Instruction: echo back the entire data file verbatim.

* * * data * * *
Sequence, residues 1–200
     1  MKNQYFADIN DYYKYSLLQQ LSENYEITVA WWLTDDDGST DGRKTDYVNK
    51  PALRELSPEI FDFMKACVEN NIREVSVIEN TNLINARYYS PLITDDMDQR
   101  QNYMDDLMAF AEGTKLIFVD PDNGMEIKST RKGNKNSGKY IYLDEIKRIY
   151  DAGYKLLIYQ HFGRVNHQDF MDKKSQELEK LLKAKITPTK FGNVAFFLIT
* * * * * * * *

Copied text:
Sequence, residues 1–200
     1  MKNQYFADIN DYYKYSLLQQ LSENYEITVA WWLTDDDGST DGRKTDYVNK
    51  PALRELSPEI FDFMKACVEN NIREVSVIEN TNLINARYYS PLITDDMDQR
   101  QNYMDDLMAF AEGTKLIFVD PDNGMEIKST RKGNKNSGKY IYLDEIKRIY
   151  DAGYKLLIYQ HFGRVNHQDF MDKKSQELEK LLKAKITPTK FGNVAFFLIT